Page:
Vol. 21 No. 5 - Published by the Freedom From Religion Foundation, Inc. -
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Prayer Researcher Convicted
Attorney Daniel Wirth, 45, who has written more than a dozen papers promoting prayer in medicine and the paranormal, pleaded guilty to federal felony charges of conspiracy on May 17.
Wirth's most widely publicized study claimed that intercessory, long-distance prayer doubled the success rate of infertility treatments. The paper was published to much acclaim by the Journal of Reproductive Medicine, Sept. 2001, and was co-written by Rogerio Lobo, chair of Obstetrics and Gynecology at Columbia University.
U.S. Tax $$$ Builds Mosque
The Mosque of the Believers in Camp Cooke, Taji, Iraq was unveiled on June 18, with the U.S. Army spending about $50,000 to help rebuild it, according to the Middle East bureau of the Toronto Star (June 27, 2004).
The Bush campaign is actively lobbying thousands of churches nationwide to distribute campaign information and register voters, according to The New York Times (June 3, 2004).
An email message by a Pennsylvania coordinator was intercepted in early June, which revealed: "The Bush-Cheney '04 national headquarters in Virginia has asked us to identify 1,600 'Friendly Congregations' in Pennsylvania where voters friendly to President Bush might gather on a regular basis."Churches are expressly forbidden to engage in partisan politicking as part of their tax-exemption.
Bishops Target Pro-Choice Pols
One hundred eighty-three Roman Catholic bishops meeting outside Denver in June issued a statement that politicians who support legal abortion are "cooperating in evil" and should not be given "awards, honors or platforms which would suggest support for their actions." The bishops left it to each bishop whether to refuse communion to pro-choice politicians.
On his recent trip to Rome, Bush urged the Vatican to encourage U.S. bishops to speak out even more on political issues.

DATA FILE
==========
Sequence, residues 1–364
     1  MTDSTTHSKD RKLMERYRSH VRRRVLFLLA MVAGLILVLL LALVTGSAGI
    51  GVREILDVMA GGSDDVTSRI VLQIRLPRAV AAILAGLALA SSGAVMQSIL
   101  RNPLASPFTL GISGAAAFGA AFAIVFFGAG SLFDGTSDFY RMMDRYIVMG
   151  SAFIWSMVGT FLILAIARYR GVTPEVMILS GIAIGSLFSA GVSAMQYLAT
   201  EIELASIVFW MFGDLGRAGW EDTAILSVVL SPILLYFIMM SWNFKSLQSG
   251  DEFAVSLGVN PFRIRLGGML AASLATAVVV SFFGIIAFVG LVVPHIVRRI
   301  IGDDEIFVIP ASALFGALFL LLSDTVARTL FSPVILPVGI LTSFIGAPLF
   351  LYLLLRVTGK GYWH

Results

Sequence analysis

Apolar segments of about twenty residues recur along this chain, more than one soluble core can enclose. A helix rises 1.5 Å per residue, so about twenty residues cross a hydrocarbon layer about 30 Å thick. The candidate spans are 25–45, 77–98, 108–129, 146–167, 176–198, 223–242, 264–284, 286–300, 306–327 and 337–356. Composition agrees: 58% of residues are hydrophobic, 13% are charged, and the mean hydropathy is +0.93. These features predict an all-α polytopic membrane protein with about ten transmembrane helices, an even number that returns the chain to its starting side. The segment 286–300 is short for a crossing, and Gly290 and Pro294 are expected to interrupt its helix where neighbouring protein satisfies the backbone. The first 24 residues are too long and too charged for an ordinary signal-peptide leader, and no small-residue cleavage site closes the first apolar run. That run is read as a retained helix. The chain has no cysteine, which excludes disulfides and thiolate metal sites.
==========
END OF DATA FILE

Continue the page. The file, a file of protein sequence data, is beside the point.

Catholic Voter Drive
Colorado Springs Bishop Michael Sheridan wrote a 1,900-word public letter on May 1 calling the November elections "critical," and urging Catholics to "take their consciences with them" to the voting booth.
"We cannot allow the progress that has been made [to stop abortion rights] be reversed by a pro-abortion president, Senate or House of Representatives. . . . Our votes have the power to stop these abominations."
Sheridan announced that Catholic politicians and laity who support abortion and similar rights must recant before they can receive communion.
At the end of May, the Catholic Church in Colorado reported it is launching its first voter registration drive, compounding concern about church politicking.
Catholics Lobby Massachusetts
The Catholic Church of Massachusetts in mid-June warned voters to reject any candidate who does not support amending the state constitution to ban same-sex marriage. More than two-thirds of its state lawmakers are Roman Catholic.
The Catholic Conference, the political arm of the church, sent a letter to every Massachusetts parish. Massachusetts, as the result of a decision by its state supreme court, in May became the first U.S. state to permit gay marriages.
Political Pastor Gets Windfall
A Philadelphia church whose pastor endorsed George W. Bush for president in the 2000 election has received a "faith-based" federal windfall of $1 million.
Bush recently spoke at the Greater Exodus Baptist Church, where Rev. Herbert H. Lusk II is pastor. Associated Press reported that "People for People," operated by the church, has received nearly $1 million. Lusk told Associated Press he hoped Bush's "faith-based" agenda would attract more black voters.
Bush Woos Southern Baptists
Addressing the Southern Baptist Convention of 8,000 meeting in Indianapolis in mid-June via a live telecast from the White House, Pres. Bush vowed to defend "the sanctity of marriage against activist courts and local officials who want to redefine marriage forever." Bush condemned abortion and cloning: "Life is a creation of God, not a commodity to be exploited by man."
Circulating at the conference on Bush's behalf was Ralph Reed, former head of the Christian Coalition and now an official with the Bush campaign.
The Nation (July 12, 2004) reported that Reed's name has surfaced in connection with a federal investigation into lobbying abuses. Enron was one of Reed's first clients after he left the Christian Coalition in 1997, in a deal arranged by Karl Rove.
Secular Judge Targeted
County officials have filed a complaint with the North Carolina Judicial Standards Commission over a judge's order to strike religious references from his courtroom oaths and announcements.
Judge James. M. Honeycutt rewrote the oath to remove the phrase "so help you God" and stopped asking people to swear on a bible. Honeycutt told bailiffs to drop the opening line, "God save the state and this honorable court."
Act Threatens Liberties